As the saying goes, different traits for different people. What your children can or should have access to will depend on your family's values, their ages and even perhaps their individual personalities. You may decide that it is necessary to have different rules for different children in your family. It has to suit your circumstances.
Points to consider when setting up a family media plan:
- When and where devices can be used
- What kind of content is acceptable. (Maybe this means setting a rule for R or PG-13 movies without parental approval)
- What are the consequences if the rules are not followed
Lastly, the key to this exercise is not just presenting a lot of rules. It's also about having the conversation, not just once, but as an open and ongoing exchange about media and technology in general.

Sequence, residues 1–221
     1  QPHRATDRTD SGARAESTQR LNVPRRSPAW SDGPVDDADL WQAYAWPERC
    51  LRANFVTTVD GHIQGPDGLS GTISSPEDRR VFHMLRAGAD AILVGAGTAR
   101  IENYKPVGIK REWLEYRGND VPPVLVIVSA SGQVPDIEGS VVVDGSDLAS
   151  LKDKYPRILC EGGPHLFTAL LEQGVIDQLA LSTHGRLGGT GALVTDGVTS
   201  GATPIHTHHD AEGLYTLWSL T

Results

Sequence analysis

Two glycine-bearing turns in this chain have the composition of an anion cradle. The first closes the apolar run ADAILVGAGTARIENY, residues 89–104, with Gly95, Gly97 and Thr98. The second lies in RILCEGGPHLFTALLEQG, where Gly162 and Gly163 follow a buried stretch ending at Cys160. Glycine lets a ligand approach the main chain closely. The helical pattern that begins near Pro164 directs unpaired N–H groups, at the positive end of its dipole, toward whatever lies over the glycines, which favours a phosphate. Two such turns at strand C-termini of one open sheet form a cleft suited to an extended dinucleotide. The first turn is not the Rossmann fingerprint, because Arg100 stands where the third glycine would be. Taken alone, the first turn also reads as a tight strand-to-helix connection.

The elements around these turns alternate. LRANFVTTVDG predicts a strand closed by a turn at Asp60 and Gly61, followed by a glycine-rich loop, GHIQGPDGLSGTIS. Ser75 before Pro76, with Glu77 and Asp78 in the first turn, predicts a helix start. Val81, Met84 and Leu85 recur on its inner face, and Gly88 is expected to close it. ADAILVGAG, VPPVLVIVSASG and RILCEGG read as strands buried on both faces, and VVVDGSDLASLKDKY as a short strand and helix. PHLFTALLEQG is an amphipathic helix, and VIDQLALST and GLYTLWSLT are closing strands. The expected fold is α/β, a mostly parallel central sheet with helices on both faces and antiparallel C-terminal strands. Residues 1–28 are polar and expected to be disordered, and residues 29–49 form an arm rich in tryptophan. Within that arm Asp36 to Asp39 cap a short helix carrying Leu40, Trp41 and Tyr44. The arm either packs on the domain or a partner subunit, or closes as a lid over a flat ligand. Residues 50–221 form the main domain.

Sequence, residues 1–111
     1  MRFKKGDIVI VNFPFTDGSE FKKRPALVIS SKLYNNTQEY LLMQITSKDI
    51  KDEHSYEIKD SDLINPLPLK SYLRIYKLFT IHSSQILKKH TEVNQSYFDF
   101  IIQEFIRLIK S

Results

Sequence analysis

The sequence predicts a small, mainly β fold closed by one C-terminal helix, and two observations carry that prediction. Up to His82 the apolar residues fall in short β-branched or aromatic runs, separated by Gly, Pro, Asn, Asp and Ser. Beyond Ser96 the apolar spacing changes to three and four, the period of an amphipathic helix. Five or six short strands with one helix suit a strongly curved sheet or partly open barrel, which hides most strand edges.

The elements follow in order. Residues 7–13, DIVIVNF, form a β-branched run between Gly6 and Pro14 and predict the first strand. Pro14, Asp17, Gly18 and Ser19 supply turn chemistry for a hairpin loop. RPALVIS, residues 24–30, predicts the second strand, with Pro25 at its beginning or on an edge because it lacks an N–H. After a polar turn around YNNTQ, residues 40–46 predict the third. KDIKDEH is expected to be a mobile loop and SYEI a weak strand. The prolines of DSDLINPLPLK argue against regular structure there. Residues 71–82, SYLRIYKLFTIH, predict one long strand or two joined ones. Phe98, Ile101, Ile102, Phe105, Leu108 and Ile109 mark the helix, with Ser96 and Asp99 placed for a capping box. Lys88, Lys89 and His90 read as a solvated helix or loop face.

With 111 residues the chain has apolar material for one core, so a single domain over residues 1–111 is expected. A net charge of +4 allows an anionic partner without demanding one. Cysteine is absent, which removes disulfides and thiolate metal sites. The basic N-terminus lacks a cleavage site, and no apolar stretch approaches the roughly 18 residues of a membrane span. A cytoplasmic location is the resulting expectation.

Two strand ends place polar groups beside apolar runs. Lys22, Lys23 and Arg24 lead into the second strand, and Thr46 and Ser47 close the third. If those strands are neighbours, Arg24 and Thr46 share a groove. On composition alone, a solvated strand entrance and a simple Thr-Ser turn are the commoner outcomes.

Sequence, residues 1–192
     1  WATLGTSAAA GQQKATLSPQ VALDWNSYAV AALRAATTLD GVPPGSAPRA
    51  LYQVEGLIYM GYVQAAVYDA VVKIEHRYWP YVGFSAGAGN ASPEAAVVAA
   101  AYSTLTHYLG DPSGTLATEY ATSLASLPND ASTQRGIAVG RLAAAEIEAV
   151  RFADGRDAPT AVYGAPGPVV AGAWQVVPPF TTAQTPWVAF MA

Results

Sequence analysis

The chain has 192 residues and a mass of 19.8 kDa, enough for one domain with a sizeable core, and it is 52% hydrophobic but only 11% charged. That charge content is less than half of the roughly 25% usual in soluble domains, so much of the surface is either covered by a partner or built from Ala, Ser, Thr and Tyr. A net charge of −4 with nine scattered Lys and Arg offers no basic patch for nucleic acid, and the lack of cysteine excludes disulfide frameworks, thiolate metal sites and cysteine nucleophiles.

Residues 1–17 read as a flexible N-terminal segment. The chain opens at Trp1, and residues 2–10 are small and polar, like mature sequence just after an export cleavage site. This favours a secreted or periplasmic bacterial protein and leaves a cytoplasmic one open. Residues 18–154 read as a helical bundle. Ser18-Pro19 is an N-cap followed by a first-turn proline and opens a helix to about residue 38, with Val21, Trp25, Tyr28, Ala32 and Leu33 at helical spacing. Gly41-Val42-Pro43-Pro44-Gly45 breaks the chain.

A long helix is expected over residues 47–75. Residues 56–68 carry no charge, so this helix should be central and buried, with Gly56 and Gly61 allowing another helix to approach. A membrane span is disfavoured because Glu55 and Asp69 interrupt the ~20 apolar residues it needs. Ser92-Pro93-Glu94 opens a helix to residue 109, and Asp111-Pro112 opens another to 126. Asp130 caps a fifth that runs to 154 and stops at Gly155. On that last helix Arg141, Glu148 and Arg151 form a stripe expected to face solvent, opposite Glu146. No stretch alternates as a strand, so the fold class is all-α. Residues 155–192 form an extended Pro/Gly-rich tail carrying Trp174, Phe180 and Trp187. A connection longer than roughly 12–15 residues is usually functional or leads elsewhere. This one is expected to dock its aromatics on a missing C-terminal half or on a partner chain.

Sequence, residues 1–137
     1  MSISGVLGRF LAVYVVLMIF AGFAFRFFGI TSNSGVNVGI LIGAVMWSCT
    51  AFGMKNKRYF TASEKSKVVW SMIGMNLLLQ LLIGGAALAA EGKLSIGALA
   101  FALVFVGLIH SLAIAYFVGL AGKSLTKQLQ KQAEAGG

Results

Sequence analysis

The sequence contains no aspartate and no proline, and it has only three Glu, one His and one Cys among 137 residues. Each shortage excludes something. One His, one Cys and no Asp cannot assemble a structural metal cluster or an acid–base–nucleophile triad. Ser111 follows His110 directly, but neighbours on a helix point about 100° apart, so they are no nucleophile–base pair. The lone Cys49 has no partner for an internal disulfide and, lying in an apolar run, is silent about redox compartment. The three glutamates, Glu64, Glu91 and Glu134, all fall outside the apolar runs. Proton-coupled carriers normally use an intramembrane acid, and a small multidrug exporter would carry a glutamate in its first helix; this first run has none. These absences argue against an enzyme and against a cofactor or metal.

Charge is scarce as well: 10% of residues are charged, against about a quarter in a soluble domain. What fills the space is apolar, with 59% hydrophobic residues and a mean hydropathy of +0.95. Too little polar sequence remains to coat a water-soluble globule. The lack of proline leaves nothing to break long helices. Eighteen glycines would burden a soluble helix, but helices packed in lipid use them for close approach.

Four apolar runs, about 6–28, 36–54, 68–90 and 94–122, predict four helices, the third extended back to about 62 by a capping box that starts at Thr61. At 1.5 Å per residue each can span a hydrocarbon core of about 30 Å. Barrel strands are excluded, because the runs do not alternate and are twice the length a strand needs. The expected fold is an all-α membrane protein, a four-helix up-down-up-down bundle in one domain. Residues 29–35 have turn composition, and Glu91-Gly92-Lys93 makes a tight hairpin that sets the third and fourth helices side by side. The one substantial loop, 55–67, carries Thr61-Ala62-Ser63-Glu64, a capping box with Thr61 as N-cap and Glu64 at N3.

"We have very open dialogues in terms of consequences," said Jacyln Naidoo of Manhattan Beach, California. The consequences of her conversations with her 12-year-old daughter, Ella, are not just about breaking rules, but about real-world mistakes in social media. Your goal is to convey and model good citizenship and responsibility in your daughter's technological life.
"I think we parents need to go one step further …" she said. "I'm present. It starts at home."
Being present takes on a new urgency as these technologies become more infused into our lives. "Helping your child manage screens is … difficult," said Bromfield, whose book, "Getting Up to the Screen: A Plan for United Parents," comes out in January. "But consider the alternatives, the risk if you don't."